Walking poles: If you’re planning on doing a lot of hiking, you might want to consider a pair of walking poles. Honestly, there’s no shame in using these, no matter what age you are!

Backpack rain cover: I always bring a day pack along with us, no matter where we go. However, if you get caught in the rain, you want your gear to stay dry. I invested in this rain cover for my backpack and I love it. It’s inexpensive and folds up into a little pouch. Plus it comes in multiple sizes, depending on what kind of pack you have. I don’t always need it, but when I do, it’s a lifesaver!

Water bottle: Buying water in Iceland is just silly. You can drink the water out of any faucet or even from the stream you are hiking by – it comes straight from the glacier!

Head net: If you are coming in May and spending any time in the Myvatn area, you will want to seriously consider packing one of these! I know they look ridiculous, but seriously you guys the bugs around that area are out of control! Don’t let the bugs ruin your trip, these are cheap and lightweight.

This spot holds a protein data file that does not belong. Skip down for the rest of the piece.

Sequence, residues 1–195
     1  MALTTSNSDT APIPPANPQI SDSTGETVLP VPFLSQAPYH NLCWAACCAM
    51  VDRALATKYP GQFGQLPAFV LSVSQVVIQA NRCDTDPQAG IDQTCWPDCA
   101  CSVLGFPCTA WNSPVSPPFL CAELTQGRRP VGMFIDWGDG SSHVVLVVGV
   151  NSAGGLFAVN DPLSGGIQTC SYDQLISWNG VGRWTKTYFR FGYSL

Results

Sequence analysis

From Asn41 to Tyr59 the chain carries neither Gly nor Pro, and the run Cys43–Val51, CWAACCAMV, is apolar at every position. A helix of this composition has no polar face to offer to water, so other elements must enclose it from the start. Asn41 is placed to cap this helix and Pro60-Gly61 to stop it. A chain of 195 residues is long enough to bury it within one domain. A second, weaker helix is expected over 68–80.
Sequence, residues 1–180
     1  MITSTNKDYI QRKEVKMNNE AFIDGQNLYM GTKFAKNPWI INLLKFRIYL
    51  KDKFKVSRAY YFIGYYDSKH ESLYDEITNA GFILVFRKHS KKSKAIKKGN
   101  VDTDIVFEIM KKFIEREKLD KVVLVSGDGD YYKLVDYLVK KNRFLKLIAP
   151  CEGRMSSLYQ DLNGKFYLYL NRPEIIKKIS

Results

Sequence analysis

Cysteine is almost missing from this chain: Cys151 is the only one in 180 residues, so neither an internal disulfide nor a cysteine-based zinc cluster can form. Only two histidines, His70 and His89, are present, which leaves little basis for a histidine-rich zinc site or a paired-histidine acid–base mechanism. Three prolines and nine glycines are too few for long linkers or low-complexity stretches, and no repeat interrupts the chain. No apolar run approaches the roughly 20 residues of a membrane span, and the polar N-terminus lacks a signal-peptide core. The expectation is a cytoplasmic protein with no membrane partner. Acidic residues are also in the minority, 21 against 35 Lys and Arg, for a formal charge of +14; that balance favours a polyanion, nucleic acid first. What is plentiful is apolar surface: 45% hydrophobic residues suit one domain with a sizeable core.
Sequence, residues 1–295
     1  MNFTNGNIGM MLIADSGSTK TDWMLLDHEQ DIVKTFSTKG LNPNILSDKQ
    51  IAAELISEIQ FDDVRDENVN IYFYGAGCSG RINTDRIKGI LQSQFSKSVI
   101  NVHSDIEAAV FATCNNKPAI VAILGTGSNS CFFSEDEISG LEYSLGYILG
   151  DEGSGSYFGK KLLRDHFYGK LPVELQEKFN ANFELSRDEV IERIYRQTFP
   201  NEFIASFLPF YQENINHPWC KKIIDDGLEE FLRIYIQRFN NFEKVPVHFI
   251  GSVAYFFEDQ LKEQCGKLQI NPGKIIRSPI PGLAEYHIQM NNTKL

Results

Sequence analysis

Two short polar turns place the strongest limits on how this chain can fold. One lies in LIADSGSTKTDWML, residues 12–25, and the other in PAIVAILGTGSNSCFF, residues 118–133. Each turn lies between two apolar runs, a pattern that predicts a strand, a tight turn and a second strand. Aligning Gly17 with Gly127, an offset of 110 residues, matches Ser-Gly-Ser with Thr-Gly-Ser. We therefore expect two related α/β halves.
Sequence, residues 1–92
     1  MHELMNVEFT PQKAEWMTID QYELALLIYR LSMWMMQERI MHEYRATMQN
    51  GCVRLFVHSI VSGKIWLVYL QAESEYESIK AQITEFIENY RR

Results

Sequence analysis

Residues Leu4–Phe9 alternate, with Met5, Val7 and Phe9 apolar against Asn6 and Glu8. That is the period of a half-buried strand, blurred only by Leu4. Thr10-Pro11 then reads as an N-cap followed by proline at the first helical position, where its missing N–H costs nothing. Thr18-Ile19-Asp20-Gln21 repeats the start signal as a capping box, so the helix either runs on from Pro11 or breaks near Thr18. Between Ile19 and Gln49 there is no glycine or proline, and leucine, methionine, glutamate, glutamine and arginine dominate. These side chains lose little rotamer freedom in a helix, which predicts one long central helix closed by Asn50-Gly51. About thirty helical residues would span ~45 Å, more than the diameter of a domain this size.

Day Bag: You want some sort of multi-purpose bag that will be comfortable on your back when walking around but also functional. I love this one because it has plenty of storage for my camera, but I can also bring day trip items like my swimsuit and towel! And it has a strap for attaching a tripod which is a really nice feature.

Camera: Duh! *See my complete camera essentials + packing list HERE!

Car chargers: For when your camera and/or phone goes dead when you’re on the road.

Extra phone battery: What’s my secret weapon for staying out all day and still being able to update Insta-Stories from my phone?! A little extra boost from this handy portable phone charger! Love me the Justin.

Electrical adapters: Make sure you can charge your phone, camera, or computer with the correct plug. Iceland uses the standard European plug with two round prongs. I love my universal adapter because I can take it with me around the world and it has to handy USB ports for extra charging. Each person needs their own adapter!

Medicines/prescriptions: In Iceland, you can’t get stuff like ibuprofen or cold medication over the counter. Bring whatever you think you will need.